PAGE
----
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I-40 construction delayed

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Caution tape marks where the discovery was made. Caution tape marks where the discovery was made.
The construction progress has since been stopped. The construction progress has since been stopped.
Environmentalists believe the sludge pit is the aftermath of an oil field that was located in the area. Environmentalists believe the sludge pit is the aftermath of an oil field that was located in the area.

By Dave Jordan, NEWS 9

OKLAHOMA CITY - Environmental concerns are slowing down construction of the Interstate 40 relocation project.

Work halted Monday on the Interstate 40 relocation project after workers discovered a sludge pit.

The pit from an old oil refinery was discovered near Shields Boulevard and the site of the new Interstate 40. The construction project will move the freeway south of downtown near the Oklahoma River and replace the aging Crosstown Expressway. For more about the project, click on the Crumbing Crosstown page.

Bob Cossey, the project manager for Union Pacific, said the sludge pit discovery came as a surprise to the construction crew.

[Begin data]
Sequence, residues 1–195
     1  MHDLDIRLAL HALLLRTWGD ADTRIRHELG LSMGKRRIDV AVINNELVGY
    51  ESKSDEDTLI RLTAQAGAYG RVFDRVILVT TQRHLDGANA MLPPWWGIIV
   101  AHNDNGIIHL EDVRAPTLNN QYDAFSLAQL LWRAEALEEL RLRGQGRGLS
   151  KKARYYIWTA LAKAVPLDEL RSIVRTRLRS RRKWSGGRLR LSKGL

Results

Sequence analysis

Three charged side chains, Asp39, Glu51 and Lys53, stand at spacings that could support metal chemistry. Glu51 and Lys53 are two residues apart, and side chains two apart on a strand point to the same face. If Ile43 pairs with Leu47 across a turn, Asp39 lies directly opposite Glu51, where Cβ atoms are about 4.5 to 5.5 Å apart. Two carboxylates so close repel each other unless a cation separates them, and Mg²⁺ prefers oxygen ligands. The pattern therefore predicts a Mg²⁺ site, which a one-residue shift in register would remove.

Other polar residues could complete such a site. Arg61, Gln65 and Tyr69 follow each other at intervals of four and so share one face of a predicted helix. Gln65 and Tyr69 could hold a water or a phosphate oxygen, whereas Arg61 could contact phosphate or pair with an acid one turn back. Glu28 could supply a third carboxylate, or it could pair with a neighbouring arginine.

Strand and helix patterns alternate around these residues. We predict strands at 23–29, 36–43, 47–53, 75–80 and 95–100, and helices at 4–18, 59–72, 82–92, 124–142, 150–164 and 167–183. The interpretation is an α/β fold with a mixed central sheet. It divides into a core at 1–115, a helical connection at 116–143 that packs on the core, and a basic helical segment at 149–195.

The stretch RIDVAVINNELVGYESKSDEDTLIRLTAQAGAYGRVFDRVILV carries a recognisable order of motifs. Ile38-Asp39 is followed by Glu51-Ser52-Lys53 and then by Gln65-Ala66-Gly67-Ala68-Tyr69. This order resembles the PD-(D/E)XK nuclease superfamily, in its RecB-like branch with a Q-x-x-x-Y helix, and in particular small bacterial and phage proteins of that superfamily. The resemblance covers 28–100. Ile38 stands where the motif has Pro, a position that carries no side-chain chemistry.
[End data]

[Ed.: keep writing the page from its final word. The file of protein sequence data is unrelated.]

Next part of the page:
"It slows the project down; they got to do their thing before the construction gets going," Cossey said. "I'm not really for sure how much time it's going to take."

The area was repeatedly surveyed at least three times over a seven-year period. The Department of Environmental Quality reported Parsons, Brinckerhoff, Quade and Douglas was the company that conducted the initial site assessments in 1998, an updated report in 2002, and a detailed study of the areas in 2005.

None of the reports submitted by the company mentioned oil or sludge in the surveyed area.

In January 2007, another company hired by ODOT found excess levels of chemicals near the site, and another independent study confirmed the discovery in March 2007.

"That's when we discovered it had been an oil field refinery site," said John Bowman, ODOT project development engineer. "This was located in the area of their sludge pond."

Investigators think the sludge was present as far back as the 1920s. The state now has to clean up what was left behind, which will delay the construction project.

Calls to Parsons, Brinckerhoff, Quade and Douglas were not returned.

ODOT must now report every step of its cleanup progress to the DEQ.

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